If you look down the tea aisle of any grocery store, you’re likely to find an array of teas offering remedies for everything from congestion to indigestion. Many of us may have heard of medicinal beverages such as herbal teas, and as shoppers increasingly use them for wellness, it would appear there is some truth to these health claims. The question is, how much truth?
What Is an Herbal Tea?
The most common type of medicinal beverage you are likely to encounter is herbal tea. Unlike normal teas, which are created by steeping the leaves of the tea plant in hot water, herbal teas are brewed from the leaves, stems, flowers, roots, bark or rhizomes of a variety of herbs (1). As a result, these blends, also known as tisanes, are more concentrated, allowing a direct infusion of the herb and any properties it might have. This makes the health benefits more powerful and immediate than those from a green tea or black tea. Anecdotal reports suggest that some shoppers have had great success addressing problems like sore throats or headaches with herbal teas in a matter of minutes (2).
Medicinal Beverages: The Benefits
Herbal medicine has been in practice since ancient times, with herbal teas being used in China as far back as 2000 B.C. (3). The medicinal beverages we use today are often made using the same techniques, but modern technology and research show there may be more to the herbs that they consist of.
As an example, many people may have heard of chamomile tea being taken to help with an upset stomach, but recent studies have shown that it is capable of far more than that. A randomized double-blind study of 57 patients with generalized anxiety disorder showed that over the course of eight weeks, those who drank chamomile tea experienced a significant alleviation in anxiety symptoms versus those who did not (4). Another study showed that chamomile inhibited the release of inflammatory prostaglandin molecules from white blood cells, similarly to some non-steroidal anti-inflammatory drugs (5). An additional study shows the flavonoid apigenin, which is most abundant in chamomile flowers, inhibits gastrointestinal cancer growth and blood supply to cancerous tumors (6). Though like all herbs, chamomile cannot cure, prevent or treat diseases, the benefits of this particular herb may go well beyond easing a simple stomachache.
Chamomile is only one of many of multi-purpose herbs, though. One herbal tea manufacturer uses 11 herbs, including fennel, peppermint and the aforementioned chamomile, to formulate over 30 teas, specifically designated for health purposes such as pregnancy care, gas relief and seasonal allergy relief (7). With this type of versatility available and more uses for herbs coming out of the scientific community, we may see a throwback to the apothecaries of old: where people can come into a shop for an ailment and purchase an herbal tea that will alleviate their symptoms.
While herbal teas are one of the most common items of discussion regarding medicinal beverages, there are other options available that are rising in popularity. One of these alternative beverages is kombucha, a tea variant that is poised to reach $500 million in total sales by 2015 (8). Made by mixing and fermenting a colony of yeast and bacteria with tea and sugar, kombucha is purported to have a wide array of benefits. Kombucha is said to clear acne and headaches, aid with constipation and offer general detoxifying effects. There are also studies on kombucha taking place involving cancer, HIV/AIDS and diabetes, though more time will be needed to see how it affects those conditions (9).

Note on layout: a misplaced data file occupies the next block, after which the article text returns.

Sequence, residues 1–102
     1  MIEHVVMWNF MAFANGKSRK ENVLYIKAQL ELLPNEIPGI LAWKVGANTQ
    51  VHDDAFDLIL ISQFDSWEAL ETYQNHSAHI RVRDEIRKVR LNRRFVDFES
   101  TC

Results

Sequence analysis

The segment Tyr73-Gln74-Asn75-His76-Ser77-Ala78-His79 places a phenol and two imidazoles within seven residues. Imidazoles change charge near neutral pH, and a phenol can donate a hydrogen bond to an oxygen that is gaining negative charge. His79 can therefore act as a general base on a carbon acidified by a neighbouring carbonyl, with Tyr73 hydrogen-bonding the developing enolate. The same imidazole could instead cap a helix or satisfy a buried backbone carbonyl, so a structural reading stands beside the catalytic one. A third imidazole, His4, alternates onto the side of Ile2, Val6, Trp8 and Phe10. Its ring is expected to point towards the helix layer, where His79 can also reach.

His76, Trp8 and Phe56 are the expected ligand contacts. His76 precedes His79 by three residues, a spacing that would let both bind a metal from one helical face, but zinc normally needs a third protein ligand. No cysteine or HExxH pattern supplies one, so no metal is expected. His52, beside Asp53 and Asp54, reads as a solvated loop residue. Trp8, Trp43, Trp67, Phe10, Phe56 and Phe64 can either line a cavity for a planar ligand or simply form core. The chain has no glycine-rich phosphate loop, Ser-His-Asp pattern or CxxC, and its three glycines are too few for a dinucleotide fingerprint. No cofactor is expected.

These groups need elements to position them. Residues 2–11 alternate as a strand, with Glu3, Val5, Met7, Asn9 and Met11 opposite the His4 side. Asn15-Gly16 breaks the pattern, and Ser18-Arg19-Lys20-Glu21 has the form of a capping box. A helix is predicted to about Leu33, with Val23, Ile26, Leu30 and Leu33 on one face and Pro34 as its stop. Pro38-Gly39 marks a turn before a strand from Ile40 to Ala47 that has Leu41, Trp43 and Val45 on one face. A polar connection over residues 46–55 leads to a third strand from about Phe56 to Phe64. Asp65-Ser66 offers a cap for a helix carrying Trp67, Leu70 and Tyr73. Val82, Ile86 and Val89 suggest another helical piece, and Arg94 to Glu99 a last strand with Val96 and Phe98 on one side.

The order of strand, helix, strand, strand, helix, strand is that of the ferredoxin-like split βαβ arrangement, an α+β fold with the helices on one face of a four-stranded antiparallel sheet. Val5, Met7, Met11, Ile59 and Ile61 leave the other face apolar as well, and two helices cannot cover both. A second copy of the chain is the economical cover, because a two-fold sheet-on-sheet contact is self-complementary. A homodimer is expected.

One thing to note about kombucha is that due to the fermenting process, it contains trace amounts of alcohol. It also may have some negative effects including stomach upset and infections, but these are largely attributed to home brewers using unsanitary brewing conditions. However, one thing to consider with both store-brought kombucha and even other herbal teas are allergic reactions. Due to the concentrated nature of medicinal beverages as opposed to other drinks, buyers will still need to be careful of side effects the same way as they would with the treatments that these beverages emulate. Shoppers should talk to their healthcare providers about any questions they may have. WF
1. Swanson Health Products Health Blog, “Why Herbal Teas Aren’t Considered ‘Real Tea,’” www.swansonvitamins.com/blog/health-news-and-opinion/why-herbal-teas-are-not-considered-real-tea, accessed May 12, 2014.
2. NaturalNews, “Medicinal Herbal Teas Taking the Mainstream Beverage Industry by Storm,” www.naturalnews.com/031565_medicinal_herbs_tea.html, accessed May 12, 2014.
3. Herbaltea.com, “A Brief History of Tea,” www.herbaltea.com/tea_history, accessed May 12, 2014.
4. J.D. Amsterdam et al., “A Randomized, Double-Blind, Placebo-Controlled Trial of Oral Matricaria Recutita (Chamomile) Extract Therapy for Generalized Anxiety Disorder,” J. Clin. Psychopharmacol. 29 (4), 378–382 (2009).
5. J.K. Srivastava, M. Pandey and S. Gupta, “Chamomile, A Novel and Selective COX-2 Inhibitor with Anti-Inflammatory Activity,” Life Sciences, 85 (19-20), 663–669 (2009).
6. E.C. Lefort and J. Blay, “Apigenin and its Effect on Gastrointestinal Cancers,” Mol. Nutr. Food Res. 57 (1), 126–144 (2013).
7. Traditional Medicinals, “All Products.” www.traditonalmedicinals.com/products, accessed May 14, 2014.
8. R. Latif, “Kombucha Class Action Suits Settled with GT’s, Honest Tea,” BEVNET, www.bevnet.com/news/2011/kombucha-class-action-suits-settled-with-gts-honest-tea, accessed May 13, 2014.
9. WholeFoods Magazine Online, “Kombucha: The Twisted Tea.” www.wholefoodsmagazine.com/columns/consumer-bulletin/kombucha-twisted-tea, accessed May 13, 2014.
Published in WholeFoods Magazine, July 2014